• As you do so, also attempt to “point” the knee in a somewhat lateral direction. You should be able to feel this side-to-side and rotational action at the knee creating a rotational action in your left Achilles tendon.
    • Bring the knee back to a straight-ahead position, and then move it toward the right.
    • As you move the left knee to the right, again rotate the knee somewhat, this time to the right, creating more rotation at the Achilles tendon.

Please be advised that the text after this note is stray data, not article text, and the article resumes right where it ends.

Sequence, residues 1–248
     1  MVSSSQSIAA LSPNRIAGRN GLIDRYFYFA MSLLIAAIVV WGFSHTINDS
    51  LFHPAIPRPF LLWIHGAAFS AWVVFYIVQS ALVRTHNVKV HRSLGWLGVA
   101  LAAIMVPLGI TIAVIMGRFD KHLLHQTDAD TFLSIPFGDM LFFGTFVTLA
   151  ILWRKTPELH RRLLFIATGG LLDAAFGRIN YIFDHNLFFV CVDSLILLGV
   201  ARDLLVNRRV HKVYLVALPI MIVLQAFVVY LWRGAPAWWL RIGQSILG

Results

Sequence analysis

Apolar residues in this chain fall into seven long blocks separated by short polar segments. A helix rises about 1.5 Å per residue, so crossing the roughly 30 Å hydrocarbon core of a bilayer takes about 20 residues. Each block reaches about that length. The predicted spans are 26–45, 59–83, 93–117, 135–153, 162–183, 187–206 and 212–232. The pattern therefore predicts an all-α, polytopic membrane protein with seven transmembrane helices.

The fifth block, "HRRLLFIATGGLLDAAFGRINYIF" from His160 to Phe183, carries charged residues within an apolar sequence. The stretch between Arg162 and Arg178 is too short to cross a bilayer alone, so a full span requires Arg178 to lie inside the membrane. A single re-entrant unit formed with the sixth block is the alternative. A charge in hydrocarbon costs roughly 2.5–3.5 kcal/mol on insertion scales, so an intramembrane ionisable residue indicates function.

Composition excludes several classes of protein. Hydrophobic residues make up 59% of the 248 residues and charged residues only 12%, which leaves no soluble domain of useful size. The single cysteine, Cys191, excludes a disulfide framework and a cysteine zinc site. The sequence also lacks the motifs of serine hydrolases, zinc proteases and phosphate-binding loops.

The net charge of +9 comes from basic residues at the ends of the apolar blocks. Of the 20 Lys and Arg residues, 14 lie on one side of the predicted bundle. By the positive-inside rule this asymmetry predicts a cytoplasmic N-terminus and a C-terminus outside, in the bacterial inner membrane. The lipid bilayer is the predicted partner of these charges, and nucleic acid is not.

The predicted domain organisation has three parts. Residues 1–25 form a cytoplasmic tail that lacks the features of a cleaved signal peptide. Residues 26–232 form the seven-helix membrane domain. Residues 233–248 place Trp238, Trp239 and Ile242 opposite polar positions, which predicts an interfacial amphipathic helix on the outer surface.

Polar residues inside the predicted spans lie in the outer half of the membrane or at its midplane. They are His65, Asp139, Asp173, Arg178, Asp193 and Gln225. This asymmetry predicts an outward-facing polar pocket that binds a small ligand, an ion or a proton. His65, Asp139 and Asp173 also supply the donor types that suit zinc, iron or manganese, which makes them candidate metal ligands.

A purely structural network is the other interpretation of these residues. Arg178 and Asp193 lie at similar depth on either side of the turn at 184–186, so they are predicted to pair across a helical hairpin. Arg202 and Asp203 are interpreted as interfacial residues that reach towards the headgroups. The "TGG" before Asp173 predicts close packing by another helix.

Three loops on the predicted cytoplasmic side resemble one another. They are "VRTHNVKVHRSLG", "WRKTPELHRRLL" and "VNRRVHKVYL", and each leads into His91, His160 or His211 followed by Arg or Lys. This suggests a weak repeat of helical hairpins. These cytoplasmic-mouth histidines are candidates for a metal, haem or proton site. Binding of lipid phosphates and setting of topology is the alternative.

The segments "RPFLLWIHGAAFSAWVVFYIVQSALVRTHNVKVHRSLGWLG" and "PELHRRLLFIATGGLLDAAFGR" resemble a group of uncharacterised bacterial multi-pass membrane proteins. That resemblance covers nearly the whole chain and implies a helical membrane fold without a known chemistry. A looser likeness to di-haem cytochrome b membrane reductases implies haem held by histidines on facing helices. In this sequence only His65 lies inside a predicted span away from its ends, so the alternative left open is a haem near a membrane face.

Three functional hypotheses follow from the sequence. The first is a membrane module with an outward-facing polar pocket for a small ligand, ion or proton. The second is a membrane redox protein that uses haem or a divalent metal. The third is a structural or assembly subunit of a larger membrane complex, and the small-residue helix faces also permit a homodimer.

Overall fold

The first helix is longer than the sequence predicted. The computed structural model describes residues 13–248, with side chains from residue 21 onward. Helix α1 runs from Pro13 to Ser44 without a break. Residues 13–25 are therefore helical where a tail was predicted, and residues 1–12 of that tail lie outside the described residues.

• When you bring the left knee back to the straight-ahead position, you have completed one rep
    • perform 20 total repetitions
    • Keep most of your weight on the left leg while performing this exercise.Repeat the entire action described above for 20 reps, but this time with your right leg bearing your body weight and doing the side-to-side and rotational movements.

What is the value of this stretch?